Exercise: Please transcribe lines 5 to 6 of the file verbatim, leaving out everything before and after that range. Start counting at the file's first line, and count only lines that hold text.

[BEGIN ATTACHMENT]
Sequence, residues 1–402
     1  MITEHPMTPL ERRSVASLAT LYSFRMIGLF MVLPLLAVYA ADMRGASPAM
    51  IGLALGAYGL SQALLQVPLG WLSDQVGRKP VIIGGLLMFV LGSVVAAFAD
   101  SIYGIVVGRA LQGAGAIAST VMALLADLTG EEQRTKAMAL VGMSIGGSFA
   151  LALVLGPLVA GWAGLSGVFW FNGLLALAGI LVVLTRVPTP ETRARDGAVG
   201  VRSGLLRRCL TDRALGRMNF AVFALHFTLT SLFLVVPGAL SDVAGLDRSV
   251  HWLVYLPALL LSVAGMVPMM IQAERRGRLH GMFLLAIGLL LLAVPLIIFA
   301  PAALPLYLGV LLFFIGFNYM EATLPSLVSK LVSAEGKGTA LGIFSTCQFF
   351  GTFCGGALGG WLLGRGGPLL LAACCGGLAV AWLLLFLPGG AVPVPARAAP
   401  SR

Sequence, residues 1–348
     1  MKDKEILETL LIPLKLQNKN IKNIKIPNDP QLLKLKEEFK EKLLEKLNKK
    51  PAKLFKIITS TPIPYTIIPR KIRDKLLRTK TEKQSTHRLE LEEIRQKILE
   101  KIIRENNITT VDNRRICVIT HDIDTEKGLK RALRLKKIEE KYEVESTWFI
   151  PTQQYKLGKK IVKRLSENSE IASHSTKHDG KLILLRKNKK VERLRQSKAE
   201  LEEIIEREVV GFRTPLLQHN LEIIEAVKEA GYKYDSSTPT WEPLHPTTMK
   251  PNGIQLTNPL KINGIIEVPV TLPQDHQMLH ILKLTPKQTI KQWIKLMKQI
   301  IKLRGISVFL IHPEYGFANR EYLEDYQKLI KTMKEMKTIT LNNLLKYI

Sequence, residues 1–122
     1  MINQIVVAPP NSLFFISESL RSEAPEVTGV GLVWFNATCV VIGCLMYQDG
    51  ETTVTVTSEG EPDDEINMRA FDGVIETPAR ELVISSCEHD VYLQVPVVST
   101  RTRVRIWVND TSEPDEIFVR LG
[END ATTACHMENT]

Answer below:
   151  LALVLGPLVA GWAGLSGVFW FNGLLALAGI LVVLTRVPTP ETRARDGAVG
   201  VRSGLLRRCL TDRALGRMNF AVFALHFTLT SLFLVVPGAL SDVAGLDRSV